It is strange how what is considered "sporting" changes over the years. Today I suppose no-one but those beyond the legal fringe of field sports would advocate the digging of badgers -- certainly not the Deputy Surveyor of the New Forest. Yet it is only seventy years or so since a previous holder of that office devoted eight pages of his book on the Forest to the delights of badger digging. Gerald Lascelles makes it clear, however, that the sport was never permitted except under his own superintendence or that of the head keepers and that harming the badger was strictly prohibited.

For the time being at least it seems that it will be business more or less as usual for the New Forest Foxhounds, their opponents and for the Forestry Commission.

Pony Collars

As the drift (round up) season advances, more ponies wearing reflective collars are likely to be seen on the Forest. It is hoped that the use of collars will be particularly concentrated in the of the two worst killing roads -- Cadnam to Godshill and Dibden Purlieu to Portmore. If the collars succeed in saving the life of only one pony, the campaign will have been well worthwhile, but the chance of achieving a marked reduction in overall accident numbers seems very small.

The idea of collars has been taken up with great enthusiasm, but it is really nothing new. Almost forty years ago we went through the same experimental process. I have been looking through some old press cuttings of 1960, including a photograph of the two daughters of agister Ron Ings demonstrating the collars on their riding ponies, themselves and on their hats at an after dark meeting of the Verderers and New Forest Pony Breeding Society in Rhinefield Road at Brockenhurst. Later on, an optimistic representative of the manufacturers told the Verderers Court that he anticipated the collars would stay on the ponies for ten years. His only worry was over the ponies growing inside the collars.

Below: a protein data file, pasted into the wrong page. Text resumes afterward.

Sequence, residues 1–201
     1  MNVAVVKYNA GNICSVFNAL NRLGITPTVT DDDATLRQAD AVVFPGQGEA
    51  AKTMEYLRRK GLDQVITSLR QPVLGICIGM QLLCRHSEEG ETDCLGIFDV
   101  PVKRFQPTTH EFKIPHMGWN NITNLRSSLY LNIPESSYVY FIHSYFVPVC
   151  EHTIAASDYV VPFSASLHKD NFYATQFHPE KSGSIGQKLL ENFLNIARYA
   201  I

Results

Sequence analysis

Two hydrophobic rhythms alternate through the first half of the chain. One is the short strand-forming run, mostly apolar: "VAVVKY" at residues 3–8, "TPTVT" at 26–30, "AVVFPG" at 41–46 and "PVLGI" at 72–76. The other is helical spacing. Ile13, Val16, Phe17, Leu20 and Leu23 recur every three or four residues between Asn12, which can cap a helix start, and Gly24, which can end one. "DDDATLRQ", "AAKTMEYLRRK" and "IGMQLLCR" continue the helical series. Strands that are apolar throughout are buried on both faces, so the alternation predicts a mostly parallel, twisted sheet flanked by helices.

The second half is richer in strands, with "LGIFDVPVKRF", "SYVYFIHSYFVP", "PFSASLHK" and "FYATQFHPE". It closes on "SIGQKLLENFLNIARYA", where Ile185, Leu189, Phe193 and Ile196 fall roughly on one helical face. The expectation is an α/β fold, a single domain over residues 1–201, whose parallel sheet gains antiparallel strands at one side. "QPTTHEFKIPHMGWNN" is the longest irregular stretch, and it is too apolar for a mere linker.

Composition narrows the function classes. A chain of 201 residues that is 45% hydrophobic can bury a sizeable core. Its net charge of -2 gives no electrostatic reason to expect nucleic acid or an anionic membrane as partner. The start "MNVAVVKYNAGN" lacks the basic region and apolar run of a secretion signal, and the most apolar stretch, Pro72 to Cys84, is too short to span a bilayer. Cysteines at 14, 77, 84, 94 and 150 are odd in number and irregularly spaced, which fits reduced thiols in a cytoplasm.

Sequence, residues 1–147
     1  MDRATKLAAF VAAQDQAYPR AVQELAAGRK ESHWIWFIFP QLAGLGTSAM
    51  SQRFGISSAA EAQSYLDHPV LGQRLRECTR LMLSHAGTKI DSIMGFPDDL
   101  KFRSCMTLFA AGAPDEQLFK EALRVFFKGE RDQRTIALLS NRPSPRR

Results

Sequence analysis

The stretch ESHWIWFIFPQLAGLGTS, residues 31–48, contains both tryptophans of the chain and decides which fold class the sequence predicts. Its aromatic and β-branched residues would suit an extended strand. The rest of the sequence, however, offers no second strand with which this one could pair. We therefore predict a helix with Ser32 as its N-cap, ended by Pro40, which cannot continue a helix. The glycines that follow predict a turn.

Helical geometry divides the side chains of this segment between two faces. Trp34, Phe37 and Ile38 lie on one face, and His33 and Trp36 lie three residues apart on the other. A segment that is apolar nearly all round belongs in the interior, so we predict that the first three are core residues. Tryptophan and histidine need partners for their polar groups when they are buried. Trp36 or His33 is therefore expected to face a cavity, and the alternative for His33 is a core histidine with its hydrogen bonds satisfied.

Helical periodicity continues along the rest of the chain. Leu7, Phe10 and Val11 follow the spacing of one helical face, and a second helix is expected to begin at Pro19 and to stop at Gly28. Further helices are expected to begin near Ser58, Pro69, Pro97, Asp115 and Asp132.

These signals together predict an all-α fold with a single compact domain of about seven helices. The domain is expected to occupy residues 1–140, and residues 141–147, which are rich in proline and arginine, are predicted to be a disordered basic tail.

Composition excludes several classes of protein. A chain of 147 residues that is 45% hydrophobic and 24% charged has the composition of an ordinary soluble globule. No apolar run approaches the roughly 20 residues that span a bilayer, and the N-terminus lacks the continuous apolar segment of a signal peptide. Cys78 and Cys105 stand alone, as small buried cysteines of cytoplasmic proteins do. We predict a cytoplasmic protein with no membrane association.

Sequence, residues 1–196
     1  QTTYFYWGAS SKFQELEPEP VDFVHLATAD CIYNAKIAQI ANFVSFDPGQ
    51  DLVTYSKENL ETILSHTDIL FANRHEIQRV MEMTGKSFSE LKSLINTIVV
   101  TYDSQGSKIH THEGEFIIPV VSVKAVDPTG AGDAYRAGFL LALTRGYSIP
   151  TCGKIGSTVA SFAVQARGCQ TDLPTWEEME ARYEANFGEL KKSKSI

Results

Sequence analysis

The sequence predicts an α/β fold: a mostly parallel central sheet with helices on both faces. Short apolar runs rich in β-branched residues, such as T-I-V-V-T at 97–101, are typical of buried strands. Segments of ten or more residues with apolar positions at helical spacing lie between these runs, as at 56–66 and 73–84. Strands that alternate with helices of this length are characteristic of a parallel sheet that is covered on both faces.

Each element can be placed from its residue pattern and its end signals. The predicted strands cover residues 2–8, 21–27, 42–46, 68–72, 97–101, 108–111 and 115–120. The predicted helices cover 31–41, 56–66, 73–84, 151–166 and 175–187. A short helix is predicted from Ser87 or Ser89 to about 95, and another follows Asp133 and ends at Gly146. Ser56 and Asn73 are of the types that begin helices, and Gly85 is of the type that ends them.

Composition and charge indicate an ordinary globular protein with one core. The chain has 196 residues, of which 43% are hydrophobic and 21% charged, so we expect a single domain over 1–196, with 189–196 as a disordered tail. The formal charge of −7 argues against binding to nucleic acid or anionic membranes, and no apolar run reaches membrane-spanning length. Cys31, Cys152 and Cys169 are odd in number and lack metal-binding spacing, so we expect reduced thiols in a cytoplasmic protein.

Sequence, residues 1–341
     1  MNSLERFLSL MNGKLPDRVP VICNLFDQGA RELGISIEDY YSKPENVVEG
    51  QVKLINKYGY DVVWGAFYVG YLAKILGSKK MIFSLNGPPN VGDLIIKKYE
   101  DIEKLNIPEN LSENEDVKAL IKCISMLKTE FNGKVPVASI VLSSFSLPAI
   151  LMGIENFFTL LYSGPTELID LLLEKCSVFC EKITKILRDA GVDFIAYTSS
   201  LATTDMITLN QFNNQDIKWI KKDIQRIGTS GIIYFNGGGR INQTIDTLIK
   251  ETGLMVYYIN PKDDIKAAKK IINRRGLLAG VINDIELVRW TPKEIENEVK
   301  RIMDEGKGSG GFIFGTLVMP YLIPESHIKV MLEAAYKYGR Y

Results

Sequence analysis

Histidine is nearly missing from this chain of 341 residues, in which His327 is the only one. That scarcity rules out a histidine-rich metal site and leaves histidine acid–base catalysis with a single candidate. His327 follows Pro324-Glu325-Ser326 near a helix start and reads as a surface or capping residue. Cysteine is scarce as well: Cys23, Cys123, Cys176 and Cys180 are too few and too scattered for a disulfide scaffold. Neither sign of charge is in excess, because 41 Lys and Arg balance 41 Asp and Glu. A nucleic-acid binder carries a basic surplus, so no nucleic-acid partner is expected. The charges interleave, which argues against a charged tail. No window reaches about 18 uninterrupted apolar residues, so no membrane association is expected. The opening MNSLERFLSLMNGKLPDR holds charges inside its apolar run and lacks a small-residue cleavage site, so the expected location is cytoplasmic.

How many collars were eventually applied I do not know. After a short while with no noticeable results everyone tired of the idea and the Commoners Defence report for 1960 shows accident figures at the (then) record level of 328 killed and injured. In those days of course, none of the main roads were fenced and ponies wandered freely from Romsey to Lymington and from Totton to Salisbury.


This summer has been a particularly bad one for ragwort in parts of the New Forest. For those who do not appreciate the significance of this, I should explain that ragwort is a beautiful yellow flowering weed with evil smelling foliage and an even more evil reputation. It is highly poisonous to stock, especially when withered. Occupiers of land are supposed to clear it from their property, but unfortunately this is one of those laws that is never enforced. On the crown lands, the Forestry Commission makes valiant attempts to control the weed by spending large sums on hand pulling each year. The County Council usually deals with the road verges, but this year seems to have given up in despair. There are portions of road verge in the Avon valley where acres of ragwort have been left to seed over adjoining holdings and over the commons. Things have been particularly bad at Rockford.